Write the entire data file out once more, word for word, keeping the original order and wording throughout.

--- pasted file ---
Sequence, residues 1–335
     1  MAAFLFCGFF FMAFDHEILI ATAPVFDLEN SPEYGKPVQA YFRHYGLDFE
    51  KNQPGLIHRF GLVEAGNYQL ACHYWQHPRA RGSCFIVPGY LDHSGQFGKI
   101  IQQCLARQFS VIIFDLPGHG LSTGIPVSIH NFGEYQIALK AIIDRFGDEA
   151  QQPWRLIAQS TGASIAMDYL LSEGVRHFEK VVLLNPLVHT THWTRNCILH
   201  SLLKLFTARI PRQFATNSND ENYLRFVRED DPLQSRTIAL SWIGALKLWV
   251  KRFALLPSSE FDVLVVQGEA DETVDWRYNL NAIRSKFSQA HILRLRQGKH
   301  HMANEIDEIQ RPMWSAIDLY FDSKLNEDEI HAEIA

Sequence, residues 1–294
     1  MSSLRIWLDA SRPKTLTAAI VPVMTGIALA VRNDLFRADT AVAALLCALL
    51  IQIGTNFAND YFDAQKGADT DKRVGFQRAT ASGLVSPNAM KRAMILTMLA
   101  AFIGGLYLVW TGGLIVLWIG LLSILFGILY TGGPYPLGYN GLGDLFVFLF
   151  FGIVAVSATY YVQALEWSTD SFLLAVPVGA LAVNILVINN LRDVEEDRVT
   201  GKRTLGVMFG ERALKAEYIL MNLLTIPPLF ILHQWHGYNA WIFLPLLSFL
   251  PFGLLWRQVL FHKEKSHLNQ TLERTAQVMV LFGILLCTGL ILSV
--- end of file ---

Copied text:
Sequence, residues 1–335
     1  MAAFLFCGFF FMAFDHEILI ATAPVFDLEN SPEYGKPVQA YFRHYGLDFE
    51  KNQPGLIHRF GLVEAGNYQL ACHYWQHPRA RGSCFIVPGY LDHSGQFGKI
   101  IQQCLARQFS VIIFDLPGHG LSTGIPVSIH NFGEYQIALK AIIDRFGDEA
   151  QQPWRLIAQS TGASIAMDYL LSEGVRHFEK VVLLNPLVHT THWTRNCILH
   201  SLLKLFTARI PRQFATNSND ENYLRFVRED DPLQSRTIAL SWIGALKLWV
   251  KRFALLPSSE FDVLVVQGEA DETVDWRYNL NAIRSKFSQA HILRLRQGKH
   301  HMANEIDEIQ RPMWSAIDLY FDSKLNEDEI HAEIA

Sequence, residues 1–294
     1  MSSLRIWLDA SRPKTLTAAI VPVMTGIALA VRNDLFRADT AVAALLCALL
    51  IQIGTNFAND YFDAQKGADT DKRVGFQRAT ASGLVSPNAM KRAMILTMLA
   101  AFIGGLYLVW TGGLIVLWIG LLSILFGILY TGGPYPLGYN GLGDLFVFLF
   151  FGIVAVSATY YVQALEWSTD SFLLAVPVGA LAVNILVINN LRDVEEDRVT
   201  GKRTLGVMFG ERALKAEYIL MNLLTIPPLF ILHQWHGYNA WIFLPLLSFL
   251  PFGLLWRQVL FHKEKSHLNQ TLERTAQVMV LFGILLCTGL ILSV